The HTC Desire 500 is like most Android Jelly Bean devices for browsing the internet, in the way that it comes with both Google Chrome and a HTC customised browser.
Which browser you choose is going to rely a lot upon your own preferences, but we have to say that HTC has provided a lot of customisation to its browser that makes it a very decent rival to Chrome.
Before we go any further, however, we will give a quick nod to the screen. Whilst perfectly capable, the lower resolution does mean that web pages don't seem to have the same gloss as HD smartphones like the HTC One Mini do.
When it comes to choosing the browser on the HTC Desire 500, we have to mention just how useful the Google Chrome browser is, especially if you're one of the many that uses the Google Chrome desktop program.
It syncs across your tabs, your bookmarks and your history. This makes it very easy to move between desktop and mobile, and to any other Android or iOS devices that you have Chrome installed upon.
The native HTC browser is fast, though. The quad-core insides helped everything tick over very nicely. We were never going to see the same levels of speed that flagship phones produce, but we were never left waiting.
The HTC app also comes with something that many people will consider invaluable, despite the best efforts of Apple and Adobe; a Flash player. This can be enabled in the settings menu, allowing you to view all manner of mobile videos.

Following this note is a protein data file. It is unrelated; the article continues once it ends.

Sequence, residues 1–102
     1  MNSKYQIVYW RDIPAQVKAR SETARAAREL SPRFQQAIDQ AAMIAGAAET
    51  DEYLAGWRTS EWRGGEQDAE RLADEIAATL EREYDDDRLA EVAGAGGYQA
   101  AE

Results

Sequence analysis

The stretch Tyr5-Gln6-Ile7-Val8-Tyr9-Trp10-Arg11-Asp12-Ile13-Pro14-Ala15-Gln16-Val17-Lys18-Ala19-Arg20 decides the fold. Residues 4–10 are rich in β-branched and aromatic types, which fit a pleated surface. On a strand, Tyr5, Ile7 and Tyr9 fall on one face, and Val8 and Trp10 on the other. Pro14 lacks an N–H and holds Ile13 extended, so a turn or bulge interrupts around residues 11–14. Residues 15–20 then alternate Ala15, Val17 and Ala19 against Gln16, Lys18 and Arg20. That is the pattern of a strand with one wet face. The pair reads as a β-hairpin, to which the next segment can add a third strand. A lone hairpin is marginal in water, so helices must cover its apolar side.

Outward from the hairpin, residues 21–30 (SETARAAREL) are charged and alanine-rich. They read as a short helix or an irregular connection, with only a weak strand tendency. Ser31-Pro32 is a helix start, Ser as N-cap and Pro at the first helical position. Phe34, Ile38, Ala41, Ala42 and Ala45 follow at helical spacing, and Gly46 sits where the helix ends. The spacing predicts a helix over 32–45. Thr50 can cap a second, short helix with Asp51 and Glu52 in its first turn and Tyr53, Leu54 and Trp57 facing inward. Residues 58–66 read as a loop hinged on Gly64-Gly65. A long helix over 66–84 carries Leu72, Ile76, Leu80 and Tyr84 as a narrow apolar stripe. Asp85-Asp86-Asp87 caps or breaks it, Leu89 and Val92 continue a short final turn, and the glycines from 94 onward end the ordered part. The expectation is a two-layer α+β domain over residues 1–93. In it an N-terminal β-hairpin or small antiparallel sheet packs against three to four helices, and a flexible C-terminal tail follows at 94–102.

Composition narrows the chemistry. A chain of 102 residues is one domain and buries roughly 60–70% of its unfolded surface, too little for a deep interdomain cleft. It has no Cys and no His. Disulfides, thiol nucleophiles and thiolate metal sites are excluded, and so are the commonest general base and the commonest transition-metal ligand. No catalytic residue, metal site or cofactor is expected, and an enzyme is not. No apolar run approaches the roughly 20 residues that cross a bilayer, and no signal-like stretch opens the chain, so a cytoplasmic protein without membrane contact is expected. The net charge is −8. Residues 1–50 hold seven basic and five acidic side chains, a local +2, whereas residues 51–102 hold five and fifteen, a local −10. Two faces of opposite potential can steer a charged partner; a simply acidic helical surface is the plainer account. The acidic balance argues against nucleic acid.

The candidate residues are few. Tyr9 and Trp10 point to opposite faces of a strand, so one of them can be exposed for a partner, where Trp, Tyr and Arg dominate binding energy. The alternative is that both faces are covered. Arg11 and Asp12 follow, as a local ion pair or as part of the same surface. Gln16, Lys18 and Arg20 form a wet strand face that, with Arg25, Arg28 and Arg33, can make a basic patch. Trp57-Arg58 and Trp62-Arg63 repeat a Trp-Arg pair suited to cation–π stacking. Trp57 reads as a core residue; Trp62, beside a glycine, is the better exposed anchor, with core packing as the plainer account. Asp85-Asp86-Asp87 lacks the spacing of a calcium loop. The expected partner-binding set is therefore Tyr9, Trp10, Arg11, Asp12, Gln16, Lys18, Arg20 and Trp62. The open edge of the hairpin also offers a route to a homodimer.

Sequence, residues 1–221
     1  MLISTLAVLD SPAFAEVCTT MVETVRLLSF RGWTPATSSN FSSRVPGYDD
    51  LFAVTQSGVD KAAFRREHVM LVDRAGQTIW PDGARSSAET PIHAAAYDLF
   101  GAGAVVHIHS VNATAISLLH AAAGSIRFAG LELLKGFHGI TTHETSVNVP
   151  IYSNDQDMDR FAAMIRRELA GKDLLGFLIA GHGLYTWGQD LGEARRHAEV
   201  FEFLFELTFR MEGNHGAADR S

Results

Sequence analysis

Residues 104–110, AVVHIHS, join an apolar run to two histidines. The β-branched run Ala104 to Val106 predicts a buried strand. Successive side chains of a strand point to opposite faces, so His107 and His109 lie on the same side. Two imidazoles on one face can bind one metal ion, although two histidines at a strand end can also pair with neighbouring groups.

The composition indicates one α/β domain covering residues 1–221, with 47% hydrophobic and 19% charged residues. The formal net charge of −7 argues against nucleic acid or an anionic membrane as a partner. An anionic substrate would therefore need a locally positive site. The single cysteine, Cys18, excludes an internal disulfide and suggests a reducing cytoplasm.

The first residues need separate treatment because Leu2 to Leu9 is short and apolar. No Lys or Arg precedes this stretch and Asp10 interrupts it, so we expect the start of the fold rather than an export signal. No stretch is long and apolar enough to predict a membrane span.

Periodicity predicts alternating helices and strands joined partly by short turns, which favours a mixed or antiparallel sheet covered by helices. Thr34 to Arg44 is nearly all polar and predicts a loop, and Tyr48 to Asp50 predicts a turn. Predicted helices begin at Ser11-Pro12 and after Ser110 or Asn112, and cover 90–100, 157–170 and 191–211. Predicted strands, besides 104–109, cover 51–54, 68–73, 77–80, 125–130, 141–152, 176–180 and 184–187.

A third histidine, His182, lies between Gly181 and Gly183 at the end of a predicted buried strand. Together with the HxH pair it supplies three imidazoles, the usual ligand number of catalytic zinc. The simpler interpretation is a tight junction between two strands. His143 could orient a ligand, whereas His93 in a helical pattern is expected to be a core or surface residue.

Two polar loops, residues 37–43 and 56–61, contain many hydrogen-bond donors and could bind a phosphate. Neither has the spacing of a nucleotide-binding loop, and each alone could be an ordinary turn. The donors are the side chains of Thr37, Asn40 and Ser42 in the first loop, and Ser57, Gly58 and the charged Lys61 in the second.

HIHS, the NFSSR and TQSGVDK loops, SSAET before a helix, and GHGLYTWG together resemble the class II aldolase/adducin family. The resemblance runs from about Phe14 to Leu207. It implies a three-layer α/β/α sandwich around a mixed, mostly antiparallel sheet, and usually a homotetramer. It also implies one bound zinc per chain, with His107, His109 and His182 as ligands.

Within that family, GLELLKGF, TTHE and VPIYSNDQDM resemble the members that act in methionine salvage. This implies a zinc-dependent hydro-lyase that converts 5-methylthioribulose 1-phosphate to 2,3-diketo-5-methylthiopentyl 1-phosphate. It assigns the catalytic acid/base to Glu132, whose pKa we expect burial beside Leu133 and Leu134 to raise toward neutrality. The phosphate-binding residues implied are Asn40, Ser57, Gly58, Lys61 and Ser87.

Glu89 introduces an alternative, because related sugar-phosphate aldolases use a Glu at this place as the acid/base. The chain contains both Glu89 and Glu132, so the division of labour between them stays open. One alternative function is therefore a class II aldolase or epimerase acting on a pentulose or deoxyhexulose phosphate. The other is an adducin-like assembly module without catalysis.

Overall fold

Alongside Chrome, you can also open a variety of tabs. Navigating between these might not be as easy as in Chrome, but it is a big step up from before.
The URL bar has also had a look at, as it now disappears to give you the whole screen to play with. Moving upwards will bring the bar back, although this disappears if you don't select it. We were also very pleased to see a '.com' button appear on the keyboard.
We did find throughout our tests that the URL bar didn't always reappear. This might be because we had the Quick Gestures turned on, we're not entirely sure.
Within the menu, you can also navigate to the Labs section. This allows you to load up a clever gesture based system, which is operated by sliding your thumb in from the left or right hand side of the screen.
Our only real criticism of it is that we found we were often a little too quick. It takes a certain level of precision, but we got the hang of it quickly. Rather than swiping in, it is a lot easier to just press and hold the side of the screen.
Bookmarks are also well handled, if not as well as in Chrome. HTC's browser will allow you it sign into your Google account, and then will port over all the bookmarks that you have associated with it.
These come in an attractive list, populated with little thumbnails of the page if you use them regularly.
Other than that, there is not a whole lot that we can say about the HTC browser. It offers a large amount of built in functionality and is more than adequate replacement for the Google Chrome offering.
Don't forget, HTC is also the king of automatic text reflow. You can pinch and zoom to your heart's content, and the HTC Desire 500 will redraw web pages making it easier to read.
Obviously everybody will have their own opinion on this, so it is definitely worth giving Chrome a try, but we really don't see why you'd need to.